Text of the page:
Blood, sweat and tears + blueprints, tools and templates + babies, kids and teens + a bold, spiritual tenacity have propelled the Kimzey family to grow while renovating and expanding their unusual house. Across the past two decades, Trevor and Tracy faced many obstacles in crafting a home with the vision of warm hospitality.
In 2000, the young family of four (2 adults + 2 small children) lived in a 1,000-square-foot home daydreaming of a larger family and a bigger house. On a whim, they looked at an old, former church building. “It was not exactly what we were dreaming about, but all that changed when we saw the inside and learned that the house was on a full acre with a large, open backyard,” Trevor relates.
The couple had to have a vision of what could be to see beyond what was – live wires hanging out of the walls, baseboard heaters piled in corners, tools strewn about in sawdust and hardwood floors which had not been refinished since installation in the 1930s.
Rutherford B. Hayes was U.S. President in 1877 when a postage stamp was 3 cents. The country was on the cusp of shifting from agriculture to a more industrial-based economy when St. Mark’s Lutheran Church was constructed in Prices Fork to serve the Lutheran heritage of German settlers. It was moved back from the road 33 years later, and again in 1948 when a basement was finally added, providing space for the expanding congregation.
Just shy of 100 years, in 1974, the church body moved to a new building, and this church was converted to apartments. “These were the dark ages for the former church,” Tracy says. “It was filled with wood paneling, cheap interior construction, and it weathered hard use from tenants.” A rebirth was initiated in 1995 when a couple purchased it and began renovating for a single family home.
“They made significant progress, but left abruptly for new career opportunities,” Trevor explains, “leaving behind an unfinished, and for the moment, uninhabitable house.”
The Kimzeys embraced their vision whole-heartedly, often interrupted with high priority matters like lack of attic insulation, broken water lines, and more. Within five years, their number of children doubled to four, and eventually, that doubled again to eight. It was clear they needed more space.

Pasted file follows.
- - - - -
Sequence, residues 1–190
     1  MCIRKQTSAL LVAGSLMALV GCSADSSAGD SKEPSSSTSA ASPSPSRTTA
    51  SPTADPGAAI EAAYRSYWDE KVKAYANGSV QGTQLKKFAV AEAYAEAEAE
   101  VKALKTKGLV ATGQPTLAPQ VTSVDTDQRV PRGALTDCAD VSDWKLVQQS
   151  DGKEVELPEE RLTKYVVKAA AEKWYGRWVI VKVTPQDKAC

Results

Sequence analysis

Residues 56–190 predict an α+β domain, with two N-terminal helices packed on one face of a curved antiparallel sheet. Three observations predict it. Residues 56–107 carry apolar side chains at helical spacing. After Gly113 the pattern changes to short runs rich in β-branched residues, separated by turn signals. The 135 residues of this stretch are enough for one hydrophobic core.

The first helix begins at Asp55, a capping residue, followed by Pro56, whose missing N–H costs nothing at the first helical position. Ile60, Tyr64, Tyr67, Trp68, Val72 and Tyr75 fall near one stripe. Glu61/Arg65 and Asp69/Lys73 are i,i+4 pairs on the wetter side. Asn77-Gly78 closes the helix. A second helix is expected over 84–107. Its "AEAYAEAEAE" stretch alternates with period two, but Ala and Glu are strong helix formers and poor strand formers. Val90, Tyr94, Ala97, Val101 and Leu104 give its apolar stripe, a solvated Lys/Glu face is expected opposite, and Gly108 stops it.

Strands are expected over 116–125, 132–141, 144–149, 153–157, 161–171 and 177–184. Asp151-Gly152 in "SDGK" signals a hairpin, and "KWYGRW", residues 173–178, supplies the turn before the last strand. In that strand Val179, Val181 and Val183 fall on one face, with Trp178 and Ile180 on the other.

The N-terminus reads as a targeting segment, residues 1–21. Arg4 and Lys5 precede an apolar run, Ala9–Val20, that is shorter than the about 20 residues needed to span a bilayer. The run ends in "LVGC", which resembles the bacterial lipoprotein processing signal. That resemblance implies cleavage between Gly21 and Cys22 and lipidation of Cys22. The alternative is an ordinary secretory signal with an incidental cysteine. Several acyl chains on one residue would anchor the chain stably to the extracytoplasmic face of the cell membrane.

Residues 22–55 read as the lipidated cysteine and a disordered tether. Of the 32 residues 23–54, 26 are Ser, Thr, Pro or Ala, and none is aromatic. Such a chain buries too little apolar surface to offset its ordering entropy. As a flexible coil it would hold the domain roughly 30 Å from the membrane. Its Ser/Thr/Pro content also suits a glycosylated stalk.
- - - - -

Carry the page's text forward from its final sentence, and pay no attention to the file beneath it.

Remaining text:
Trevor explains: “We planned, schemed, and sought input from others. Finally we realized that we had enough volume under our roof. We didn’t need to expand but to use more of the existing space. With a steep-pitched church-style roof, our home had an enormous attic above the ceiling. Unlike modern homes with roof trusses every few feet, the church was constructed with a large-timber frame, mortise and tendon construction. There was lots of open space between only five bent-knee timber frame trusses – affording loads of potential. We sketched, measured and eventually created drawings for a new ‘addition’ into half of the existing attic space. In the summer of 2005, we began a 3-month renovation project.”
Three months cruised into six months – dealing with snakes, bats, change orders and seemingly endless on-the-fly adjustments to accommodate the curious condition of the old building. “On Christmas Eve, 2005, our contractor, who was practically a member of the family by now, rolled out just hours before our holiday guests were to arrive,” states Tracy. The home now embraced 3,100 square feet of living space.
The whole house radiates joy, fun, family, energy and efficiency. The kitchen is more of an L-shaped galley than a substantial space. The dining room table seats all 10 of them, and they willingly squish up for more. A generous 460-square-foot deck can seat another 10 or more, and the 2-story treehouse has certainly had many a lunch or snack consumed inside. The family planned and built both the deck and treehouse.
There are work spaces on every floor, with the very large homeschool classroom in the basement. Three girls share an unusual room in the former attic with three lofts accessed by charming oak built-in staircases, with desks and dressers underneath. The master bedroom is behind the great room, with a step up to the master bathroom on the space once occupied by the sanctuary’s altar.
The backyard is every child’s dream of a place to run and play. An old outhouse has been converted to a playhouse. There’s a trampoline, and the family has backyard chickens and fresh eggs.
For sure, the Kimzey family dream of having a house with character and a large family to fill it have come true. Like many New River Valley residents, Trevor came here to attend Virginia Tech some 30 years ago and never left. Tracy married him here in 1996, and respectively, they left behind their home cities of Pittsburgh and Houston. “Beautiful mountain scenery, vibrant communities, and wonderful churches and career opportunities drew us to start and keep our family right here,” Trevor concludes.
Text by Joanne M. Anderson | Photos by Tom and Christy Wallace♦ End